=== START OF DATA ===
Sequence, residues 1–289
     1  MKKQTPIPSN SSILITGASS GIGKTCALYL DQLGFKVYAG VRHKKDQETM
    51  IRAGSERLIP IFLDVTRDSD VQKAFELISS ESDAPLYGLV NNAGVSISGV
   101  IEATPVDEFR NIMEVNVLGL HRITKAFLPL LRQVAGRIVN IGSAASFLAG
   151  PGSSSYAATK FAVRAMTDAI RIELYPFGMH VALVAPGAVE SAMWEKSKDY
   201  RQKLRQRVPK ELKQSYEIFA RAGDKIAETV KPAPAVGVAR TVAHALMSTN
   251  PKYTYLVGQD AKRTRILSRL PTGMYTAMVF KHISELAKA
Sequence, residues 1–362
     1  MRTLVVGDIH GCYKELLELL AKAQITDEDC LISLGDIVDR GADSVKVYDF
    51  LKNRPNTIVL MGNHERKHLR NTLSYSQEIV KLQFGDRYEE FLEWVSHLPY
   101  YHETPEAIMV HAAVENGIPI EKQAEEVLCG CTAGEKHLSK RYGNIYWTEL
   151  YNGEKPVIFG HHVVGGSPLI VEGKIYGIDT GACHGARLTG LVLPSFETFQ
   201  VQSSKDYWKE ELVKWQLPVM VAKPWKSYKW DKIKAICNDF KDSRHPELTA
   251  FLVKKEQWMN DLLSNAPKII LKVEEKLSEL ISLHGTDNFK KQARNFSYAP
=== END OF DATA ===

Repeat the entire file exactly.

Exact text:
Sequence, residues 1–289
     1  MKKQTPIPSN SSILITGASS GIGKTCALYL DQLGFKVYAG VRHKKDQETM
    51  IRAGSERLIP IFLDVTRDSD VQKAFELISS ESDAPLYGLV NNAGVSISGV
   101  IEATPVDEFR NIMEVNVLGL HRITKAFLPL LRQVAGRIVN IGSAASFLAG
   151  PGSSSYAATK FAVRAMTDAI RIELYPFGMH VALVAPGAVE SAMWEKSKDY
   201  RQKLRQRVPK ELKQSYEIFA RAGDKIAETV KPAPAVGVAR TVAHALMSTN
   251  PKYTYLVGQD AKRTRILSRL PTGMYTAMVF KHISELAKA
Sequence, residues 1–362
     1  MRTLVVGDIH GCYKELLELL AKAQITDEDC LISLGDIVDR GADSVKVYDF
    51  LKNRPNTIVL MGNHERKHLR NTLSYSQEIV KLQFGDRYEE FLEWVSHLPY
   101  YHETPEAIMV HAAVENGIPI EKQAEEVLCG CTAGEKHLSK RYGNIYWTEL
   151  YNGEKPVIFG HHVVGGSPLI VEGKIYGIDT GACHGARLTG LVLPSFETFQ
   201  VQSSKDYWKE ELVKWQLPVM VAKPWKSYKW DKIKAICNDF KDSRHPELTA
   251  FLVKKEQWMN DLLSNAPKII LKVEEKLSEL ISLHGTDNFK KQARNFSYAP